Unlearning How To
Tactics for daily poetics: a conversation with Kayfa ta
In regards to both methodologies and content, Kayfa ta moves between public and private, pocket and exhibition format, shyness and loudness, insider and outsider, useful and useless, rest and revolution. The format tackles and challenges classical modes of reading and readership, knowledge production and distribution. In its didactic way of giving instructions, it poetically lingers on both intimate and collective urgencies, blurring the distinction between the two. In apprehending how to—do whatever we’re asked to, we unlearn the obvious. In being told how to—learn whatever skills are shared with us, any introvert tactic of daily resistance becomes a tool of mutual knowhow.
Federico has been collecting the whole How To series, as part of his private library OBA (Open By Appointment) and Giulia tangentially took part in the exhibition curated by Kayfa ta at the Beirut Art Center How To Reappear. “When thinking and talking about Kayfa ta, we always got the feeling it was a project we wish we had conceived ourselves.”
Federico Antonini and Giulia Crispiani: Can you tell us about Kayfa ta, what led you to start the project? Was it first an idea or did the idea come from already collected material? What was the (geopolitical) context within which you both conceived Kayfa ta? And why the handbook format?
Kayfa ta: The idea for Kayfa ta came in a flash. But also as a result of our cumulative experiences as artists, curators and managers/founders of independent arts initiatives and organizations in our respective cities (Amman and Cairo). Our interest in the expanded field of arts extends beyond our individual artistic practices, to the practice of others, as well as to the structures that support or constrict our practices and their access to public space. This concern with access—or lack of—to the sites and languages of art has been a concern we shared and expressed in several of our realized or unrealized collaborative projects, including Kayfa ta.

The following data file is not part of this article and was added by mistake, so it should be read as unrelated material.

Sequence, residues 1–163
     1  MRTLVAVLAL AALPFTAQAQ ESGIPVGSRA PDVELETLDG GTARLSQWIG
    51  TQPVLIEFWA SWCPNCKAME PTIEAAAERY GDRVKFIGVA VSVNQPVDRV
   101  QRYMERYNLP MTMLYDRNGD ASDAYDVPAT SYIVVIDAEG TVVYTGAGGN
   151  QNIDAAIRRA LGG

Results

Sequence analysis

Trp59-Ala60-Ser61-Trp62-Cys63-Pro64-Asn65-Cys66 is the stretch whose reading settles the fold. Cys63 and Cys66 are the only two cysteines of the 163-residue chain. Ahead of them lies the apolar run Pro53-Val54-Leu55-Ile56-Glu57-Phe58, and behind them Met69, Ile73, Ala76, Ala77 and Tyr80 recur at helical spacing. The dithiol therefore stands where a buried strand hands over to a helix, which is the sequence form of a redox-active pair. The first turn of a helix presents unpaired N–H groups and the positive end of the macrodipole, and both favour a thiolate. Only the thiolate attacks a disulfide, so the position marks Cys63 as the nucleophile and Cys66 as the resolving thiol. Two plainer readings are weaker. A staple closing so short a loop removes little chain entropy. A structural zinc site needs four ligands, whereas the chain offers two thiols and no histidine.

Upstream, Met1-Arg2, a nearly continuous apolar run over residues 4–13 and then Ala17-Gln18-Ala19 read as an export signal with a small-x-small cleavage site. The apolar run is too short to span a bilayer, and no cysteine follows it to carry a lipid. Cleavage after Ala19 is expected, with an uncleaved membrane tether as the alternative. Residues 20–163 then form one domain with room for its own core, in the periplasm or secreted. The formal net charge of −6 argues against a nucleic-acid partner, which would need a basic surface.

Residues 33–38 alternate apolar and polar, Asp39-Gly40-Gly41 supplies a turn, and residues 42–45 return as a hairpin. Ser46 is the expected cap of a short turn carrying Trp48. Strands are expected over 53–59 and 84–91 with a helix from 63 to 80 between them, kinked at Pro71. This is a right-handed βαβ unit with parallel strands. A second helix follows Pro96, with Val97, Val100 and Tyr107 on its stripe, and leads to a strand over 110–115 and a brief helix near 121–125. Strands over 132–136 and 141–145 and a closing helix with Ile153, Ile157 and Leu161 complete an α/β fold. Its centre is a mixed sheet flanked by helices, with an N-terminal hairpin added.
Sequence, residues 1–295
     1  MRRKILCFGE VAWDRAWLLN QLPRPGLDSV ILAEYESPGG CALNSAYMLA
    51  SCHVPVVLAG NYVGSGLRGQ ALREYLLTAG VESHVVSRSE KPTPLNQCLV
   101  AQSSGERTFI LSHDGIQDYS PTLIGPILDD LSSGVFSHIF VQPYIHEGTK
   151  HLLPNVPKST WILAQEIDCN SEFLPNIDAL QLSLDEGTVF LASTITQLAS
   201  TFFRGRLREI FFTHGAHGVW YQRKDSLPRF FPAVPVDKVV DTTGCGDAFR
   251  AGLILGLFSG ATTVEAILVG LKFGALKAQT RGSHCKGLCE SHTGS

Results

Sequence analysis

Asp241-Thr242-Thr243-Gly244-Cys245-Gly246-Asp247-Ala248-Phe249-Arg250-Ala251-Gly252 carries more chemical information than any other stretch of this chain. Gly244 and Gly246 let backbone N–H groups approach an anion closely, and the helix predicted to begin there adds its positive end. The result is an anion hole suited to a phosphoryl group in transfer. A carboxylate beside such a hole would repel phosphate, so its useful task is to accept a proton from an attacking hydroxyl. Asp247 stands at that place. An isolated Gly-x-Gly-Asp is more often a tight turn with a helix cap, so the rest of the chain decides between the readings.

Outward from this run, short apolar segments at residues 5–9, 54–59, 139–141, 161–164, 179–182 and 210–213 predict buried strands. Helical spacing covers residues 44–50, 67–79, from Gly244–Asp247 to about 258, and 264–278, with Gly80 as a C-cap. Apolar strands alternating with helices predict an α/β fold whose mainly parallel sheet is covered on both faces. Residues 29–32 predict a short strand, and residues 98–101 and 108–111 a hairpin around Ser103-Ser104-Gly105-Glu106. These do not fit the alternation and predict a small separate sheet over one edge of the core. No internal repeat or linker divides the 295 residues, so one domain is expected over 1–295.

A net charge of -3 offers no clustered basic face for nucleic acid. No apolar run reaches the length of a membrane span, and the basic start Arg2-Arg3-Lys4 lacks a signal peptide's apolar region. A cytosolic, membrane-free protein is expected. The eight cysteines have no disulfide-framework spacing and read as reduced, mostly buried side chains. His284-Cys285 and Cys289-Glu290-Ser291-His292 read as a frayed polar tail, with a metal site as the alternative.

Kayfa ta began in 2012, and our first book came out in 2013. Clearly, these years are landmark years in the Arab World. From 2011 till today, people have taken to the streets to reclaim their agency and right of access to public space and policy-making. This outburst brought with it an overwhelming, public and private, drive to develop new modes of thinking, communicating, learning, unlearning, understanding, making, breaking, moving forward or backward as we think best. Many established figures and institutions lost their credence, many more sensitive and pertinent ones arose. The addressed and the addressees swapped places. And new languages were finding form.
Kayfa ta, which in Arabic means “How to,” chose to adopt the popular format of How-to manuals—a familiar genre, cheap and handy, yet used here as a carrier of more experimental and non-prescriptive languages. The authors we invite are authors we believe have a sensitivity to the needs and desires of today. We ask them to propose a subject that they feel is of pertinence now, adopting the How-to format creatively, and to always keep a general audience in mind.